As rain was forecast for the afternoon, Steve decided we’d hike Hurricane Ridge in the morning to avoid a cold, wet and windy afternoon hike. Three hearty souls hiked up a 4-mile steep trail while the rest of us opted for the bus, allowing us to hike to the over-look of the amazing Olympic Mountain range from the Interpretive Center atop Hurricane Ridge. It was hard enough for the rest of us. It was too late in the season to view Olympic marmots as they were getting snuggled for winter. Wren had given us a quick overview of marmots and we learned that they are a distinct group, different from Cascade Range or Vancouver Island populations. But hikers always need to watch for mountain goats as they can get very aggressive and aren’t native to this range.

Our Assistant Guide, Wren, hiking Hurricane Ridge

Panorama Residents hiking Hurricane Ridge

While no goats or marmots were present, the views were just awesome and what did we find at the end of the puff? Steve had prepared hot soup for our lunch along with the usual sandwich making fare. What a guy! This was accompanied by a slight flurry of snow! We were so glad that Steve rearranged our itinerary; it may have gotten more than interesting up there if we’d been there in the afternoon, as planned!

The morning activity was to go on an Underground and History tour of Port Angeles, but we were rescheduled for the afternoon, and we enjoyed some amazing history of the Strait of Juan de Fuca, including the elevation of the early outpost city that became Port Angeles. It was built on the mudflats; further up the hill, the British and military owned the higher ground. Town engineers elevated the downtown to avoid tidal flooding of buildings on the mudflats! With no heavy equipment, the entire downtown was elevated one-story. We went under some buildings that then used the second floor for their first floor. The engineering alone was incredible. Red Cedar posts dating from the original construction were in amazing shape. Their oil content has preserved them for over a century.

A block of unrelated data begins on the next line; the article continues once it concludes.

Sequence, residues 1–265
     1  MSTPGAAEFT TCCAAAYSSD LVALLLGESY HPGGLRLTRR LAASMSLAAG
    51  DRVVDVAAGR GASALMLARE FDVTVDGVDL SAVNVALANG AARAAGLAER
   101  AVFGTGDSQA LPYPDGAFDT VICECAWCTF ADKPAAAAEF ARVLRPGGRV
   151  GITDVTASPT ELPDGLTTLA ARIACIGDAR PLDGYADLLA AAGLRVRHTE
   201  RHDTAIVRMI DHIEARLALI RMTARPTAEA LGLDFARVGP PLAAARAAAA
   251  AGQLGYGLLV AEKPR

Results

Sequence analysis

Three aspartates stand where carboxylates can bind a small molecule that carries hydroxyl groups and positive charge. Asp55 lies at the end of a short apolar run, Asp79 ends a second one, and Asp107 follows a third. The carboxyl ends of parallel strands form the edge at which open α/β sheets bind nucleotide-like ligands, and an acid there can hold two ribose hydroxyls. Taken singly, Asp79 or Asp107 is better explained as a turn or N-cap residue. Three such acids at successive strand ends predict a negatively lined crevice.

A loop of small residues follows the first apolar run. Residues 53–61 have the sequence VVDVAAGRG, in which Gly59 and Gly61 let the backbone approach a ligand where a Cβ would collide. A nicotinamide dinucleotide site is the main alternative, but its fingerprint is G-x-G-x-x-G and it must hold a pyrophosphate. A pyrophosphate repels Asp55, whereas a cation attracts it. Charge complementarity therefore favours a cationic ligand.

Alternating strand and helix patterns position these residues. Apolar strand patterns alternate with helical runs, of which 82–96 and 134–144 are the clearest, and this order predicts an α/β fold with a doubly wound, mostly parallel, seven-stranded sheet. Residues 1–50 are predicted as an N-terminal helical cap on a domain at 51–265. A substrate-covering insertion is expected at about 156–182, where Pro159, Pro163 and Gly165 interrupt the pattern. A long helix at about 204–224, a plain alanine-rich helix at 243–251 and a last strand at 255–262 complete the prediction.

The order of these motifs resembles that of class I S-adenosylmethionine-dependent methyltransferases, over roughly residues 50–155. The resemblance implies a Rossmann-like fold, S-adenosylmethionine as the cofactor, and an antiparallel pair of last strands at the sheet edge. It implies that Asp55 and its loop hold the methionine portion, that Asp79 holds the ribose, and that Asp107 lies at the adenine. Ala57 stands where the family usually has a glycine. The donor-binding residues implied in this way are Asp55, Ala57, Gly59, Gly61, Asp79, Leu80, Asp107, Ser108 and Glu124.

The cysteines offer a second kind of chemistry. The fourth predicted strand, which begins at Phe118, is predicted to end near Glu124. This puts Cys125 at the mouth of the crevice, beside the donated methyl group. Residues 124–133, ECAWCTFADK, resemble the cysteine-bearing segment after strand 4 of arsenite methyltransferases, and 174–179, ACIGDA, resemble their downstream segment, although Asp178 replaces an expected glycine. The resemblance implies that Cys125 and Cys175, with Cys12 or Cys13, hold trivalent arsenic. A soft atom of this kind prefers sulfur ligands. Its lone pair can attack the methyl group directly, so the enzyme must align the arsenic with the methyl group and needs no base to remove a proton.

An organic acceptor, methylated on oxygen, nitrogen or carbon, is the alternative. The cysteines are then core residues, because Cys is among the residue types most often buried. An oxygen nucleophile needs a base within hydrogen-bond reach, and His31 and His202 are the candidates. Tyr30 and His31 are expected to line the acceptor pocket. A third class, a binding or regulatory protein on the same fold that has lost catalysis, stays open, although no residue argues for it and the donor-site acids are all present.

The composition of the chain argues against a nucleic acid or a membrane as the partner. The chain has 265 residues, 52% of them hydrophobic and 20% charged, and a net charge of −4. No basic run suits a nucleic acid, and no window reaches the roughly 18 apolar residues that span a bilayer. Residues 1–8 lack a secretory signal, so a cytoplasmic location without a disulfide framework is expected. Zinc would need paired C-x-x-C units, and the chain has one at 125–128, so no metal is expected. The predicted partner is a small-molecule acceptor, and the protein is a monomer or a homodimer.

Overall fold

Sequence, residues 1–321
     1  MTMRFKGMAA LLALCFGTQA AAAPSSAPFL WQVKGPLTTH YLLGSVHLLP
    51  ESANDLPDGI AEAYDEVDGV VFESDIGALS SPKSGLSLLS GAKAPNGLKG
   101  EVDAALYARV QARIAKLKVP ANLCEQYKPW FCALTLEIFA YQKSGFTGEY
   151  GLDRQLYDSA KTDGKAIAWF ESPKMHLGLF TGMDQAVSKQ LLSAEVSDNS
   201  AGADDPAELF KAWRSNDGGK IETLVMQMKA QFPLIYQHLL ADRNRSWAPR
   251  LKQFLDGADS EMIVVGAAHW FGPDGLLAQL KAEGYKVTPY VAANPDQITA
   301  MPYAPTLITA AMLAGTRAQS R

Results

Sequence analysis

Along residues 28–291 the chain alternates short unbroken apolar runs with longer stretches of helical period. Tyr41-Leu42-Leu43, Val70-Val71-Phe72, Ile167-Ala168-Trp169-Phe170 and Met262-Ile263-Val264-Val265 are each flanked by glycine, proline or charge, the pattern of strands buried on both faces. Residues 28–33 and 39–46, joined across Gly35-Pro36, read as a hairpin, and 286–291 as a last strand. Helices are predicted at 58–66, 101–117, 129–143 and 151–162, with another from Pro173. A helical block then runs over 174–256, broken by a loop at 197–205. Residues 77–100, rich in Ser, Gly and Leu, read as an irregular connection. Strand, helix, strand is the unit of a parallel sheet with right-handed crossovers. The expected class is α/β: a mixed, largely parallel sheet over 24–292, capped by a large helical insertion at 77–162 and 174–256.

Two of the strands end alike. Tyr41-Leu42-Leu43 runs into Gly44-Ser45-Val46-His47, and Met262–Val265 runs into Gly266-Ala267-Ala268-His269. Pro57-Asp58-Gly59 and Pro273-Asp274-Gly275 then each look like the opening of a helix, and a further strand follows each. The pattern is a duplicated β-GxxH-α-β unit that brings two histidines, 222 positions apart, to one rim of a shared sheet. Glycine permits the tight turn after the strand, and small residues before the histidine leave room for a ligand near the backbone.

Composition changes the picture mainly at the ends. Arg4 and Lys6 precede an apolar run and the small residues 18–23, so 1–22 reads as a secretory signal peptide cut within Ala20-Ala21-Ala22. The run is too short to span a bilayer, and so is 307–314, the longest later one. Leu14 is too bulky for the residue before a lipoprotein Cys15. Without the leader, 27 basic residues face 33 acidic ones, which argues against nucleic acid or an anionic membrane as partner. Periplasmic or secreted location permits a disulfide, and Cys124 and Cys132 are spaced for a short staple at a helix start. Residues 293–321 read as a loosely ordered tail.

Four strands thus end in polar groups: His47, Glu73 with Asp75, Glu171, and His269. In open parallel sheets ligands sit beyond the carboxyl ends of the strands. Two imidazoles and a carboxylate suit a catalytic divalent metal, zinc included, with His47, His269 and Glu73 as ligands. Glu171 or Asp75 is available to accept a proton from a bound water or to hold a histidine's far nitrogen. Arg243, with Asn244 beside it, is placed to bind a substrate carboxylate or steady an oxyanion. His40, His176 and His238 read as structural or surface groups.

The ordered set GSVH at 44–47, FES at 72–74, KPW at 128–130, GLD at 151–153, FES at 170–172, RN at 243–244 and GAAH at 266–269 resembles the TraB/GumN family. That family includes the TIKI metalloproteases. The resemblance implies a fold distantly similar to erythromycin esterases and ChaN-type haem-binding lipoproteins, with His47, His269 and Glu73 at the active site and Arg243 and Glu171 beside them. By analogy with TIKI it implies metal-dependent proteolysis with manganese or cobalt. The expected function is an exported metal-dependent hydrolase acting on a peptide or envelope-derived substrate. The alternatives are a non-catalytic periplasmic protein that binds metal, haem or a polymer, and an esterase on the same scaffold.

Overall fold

The usual “happy hour” in the guide’s room was cancelled as we prepared (after a long day) for a wonderful “family style” dinner at a renowned restaurant. Sabai Thai Restaurant, which had rave reviews from best places in the Northwest by Frommer’s Travel Guidebook, served wonderful food. The 10 of us shared nine different dinners suggested by the staff and it was so delicious and special. We had the option of ordering a dish that we wanted specifically, but we all decided to share to taste various dishes. Happy but tired hikers retired back to their rooms and opted not to visit a modern outdoor sculpture park as the night sky was imminent.

After the second night, it was time to bring our bags back to the bus in the morning for our exploration of Marymere Falls and to the Moments-in-Time hike which lead us to Crescent Lake. Delightfully, we got to experience the Port Angeles Fine Arts Center after breakfast. It would have been hard to see the outdoor installations by artists had we gone after the Thai dinner. It was entertaining to wander around that acreage and see things mounted in the trees, under leaves on the ground, and to experience artists’ way of using the out-of-doors for art installations.
(More pictures can be enjoyed on their website: http://www.pafac.org/)

Photograph by Bill Leppard

We headed to the Storm King Ranger Station to hike up to Marymere Falls. We meandered on a wonderful blanket of fir needles with no roots or rocks to trip over. Then we found the way up to the waterfall overlook. Gads, the usual roots and rocks and steps to negotiate brought us to wonderful views of the two-tiered waterfall.

Steve explained a magical exercise in fooling the eye/brain connection. He explained that if you looked at the same segment of falling water for 15-30 seconds and then shifted your eyes to the right, the granite rock actually seemed to move up in the segment as wide as your view was of the falling water. Many of us were able to experience it, but it left you off center for a bit while your brain reorganized its visual input. What was wonderful was that by mid-week, we had so much of the trails to ourselves.